“It’s painful for you and it’s painful for them. When it comes to murder, you can’t respect grief. Or privacy. Or personal feelings. You’ve got to ask the questions. And some of them cut deep.” But none of the persons he questioned, and none of the questions he asked … produced useful information; not even the two surviving daughters could suggest a cause for the crime. In brief, (Kansas Bureau of Investigations Agent Harold) Nye learned only this: “Of all the people in all the world, the Clutters were the least likely to be murdered.”
Duane West stands in front of the Finney County Courthouse in Garden City, seven miles east of Holcomb.
It was here they brought Richard Hickock and Perry Smith, who broke into the Clutters’ home in search of a fortune that didn’t exist, tied up the family of four and killed each one. It was here that West, as Finney County prosecutor, tried them and successfully persuaded a jury to sentence them to death.
West says he doesn’t understand why interest in the case, or the book, continues.
“It was just about a murder in a small town,” he says of Capote’s supposedly factual account of the murders that has sold millions of copies and is widely regarded as one of the great American books of the 20th century.
The book treats the murders as anything but an ordinary event. Instead, it looks into much larger issues: how a community can respond to unimaginable tragedy, how a hunt for justice can consume those sworn to protect and what compels a man to take another life without remorse.
Without “In Cold Blood,” the murders probably would be forgotten to all but those who lived through the suspicion and fear. And that, in part, fuels the lingering pain so many in Holcomb and Garden City feel.
But, West says, Capote harmed the people here in another way. West and many others share stories of Capote misquoting people, describing things incorrectly and making up scenes.
Capote, who in the year of its publication made at least $2 million from “In Cold Blood,” according to a 1965 article in The New York Times, used a tragic event as a creative writing exercise and little more, West, the surviving Clutter daughters and others say.
Many in Holcomb and Garden City, including West, say they’ve never read it.
“I lived through it,” goes the refrain.
Rupp fits that category. He lived it, maybe as much as anyone.
His wife, Coleen, looks to him and says, “He’s the last one to see them alive, you know,” referring to the title of the book’s first chapter.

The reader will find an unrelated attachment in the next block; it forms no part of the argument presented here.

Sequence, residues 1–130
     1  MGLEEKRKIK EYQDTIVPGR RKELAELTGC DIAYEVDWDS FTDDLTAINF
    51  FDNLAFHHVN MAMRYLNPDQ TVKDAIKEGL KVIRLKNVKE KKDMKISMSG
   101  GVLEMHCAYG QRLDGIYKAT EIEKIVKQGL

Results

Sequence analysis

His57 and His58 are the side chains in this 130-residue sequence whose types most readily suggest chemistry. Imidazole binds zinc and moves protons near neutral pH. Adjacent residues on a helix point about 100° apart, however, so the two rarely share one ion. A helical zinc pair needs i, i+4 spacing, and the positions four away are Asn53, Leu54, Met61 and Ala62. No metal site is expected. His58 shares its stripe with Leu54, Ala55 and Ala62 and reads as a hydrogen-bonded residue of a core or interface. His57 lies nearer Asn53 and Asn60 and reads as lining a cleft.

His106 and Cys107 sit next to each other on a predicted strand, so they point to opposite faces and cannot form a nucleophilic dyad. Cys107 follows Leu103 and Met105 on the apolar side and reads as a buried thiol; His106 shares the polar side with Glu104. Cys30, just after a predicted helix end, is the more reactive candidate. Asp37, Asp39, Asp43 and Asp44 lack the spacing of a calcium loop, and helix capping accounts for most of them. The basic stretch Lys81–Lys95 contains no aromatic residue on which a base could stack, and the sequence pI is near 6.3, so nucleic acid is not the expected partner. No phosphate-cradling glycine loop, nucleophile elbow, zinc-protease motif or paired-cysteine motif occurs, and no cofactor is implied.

|This year marks the 40th anniversary of the publication of Truman Capote’s “In Cold Blood,” considered one of the 20th century’s great works of literature. It also was among the first books in which the reporting techniques of journalism were assembled with the flair of traditional fiction writing.The book is set in the community of Holcomb in 1959, when four members of a prominent farming family were killed in a fruitless robbery. Herbert and Bonnie Clutter and their children Nancy, 16, and Kenyon, 15, were shot by Perry Smith and Richard Hickock. The book details the crime, the lives of the two paroled criminals and law enforcement’s search and eventual capture of the men.A class of seven reporting students, a photography student and four documentary film students at the University of Nebraska-Lincoln spent the fall studying Capote’s work and its impact on literature and journalism, the community where the story unfolded and some of its principal characters.The students obtained exclusive interviews from people who had refused to talk publicly about the crime or the book, including Nancy Clutter’s boyfriend, Bobby Rupp, who was the last to see the family alive and was initially questioned about the murders; Walter Hickock, Richard Hickock’s younger brother, who describes for the first time the agony the family endured after the crime and publication of Capote’s book; and the family that lives in the former Clutter home as well as exclusive photographs from inside the house.Because the nationally renowned book is set in Kansas, it seemed natural to publish the students’ work in a Kansas newspaper. The results are part of a four-day series that begins today in the Journal-World.Monday¢ Walter Hickock wasn’t guilty of anything, but his life changed forever when his brother became a murderer¢ The surviving Clutter daughters hope to preserve their family’s legacy¢ Those who knew her say mother Bonnie Clutter was misrepresented in the bookTuesday¢ Former prisons chief Charles McAtee remembers the murderers¢ A prosecutor and an investigator both played key roles in the case and were forgotten in the book¢ Former KBI agent Alvin Dewey Jr. became a composite who Capote credited with solving the case¢ If it happened today, advances in technology might have solved the case more quicklyWednesday¢ The family that lives in the former Clutter home is witness to the book’s enormous impact still today¢ Holcomb has changed much from the time Capote wrote his book¢ The death penalty has divided Kansas many times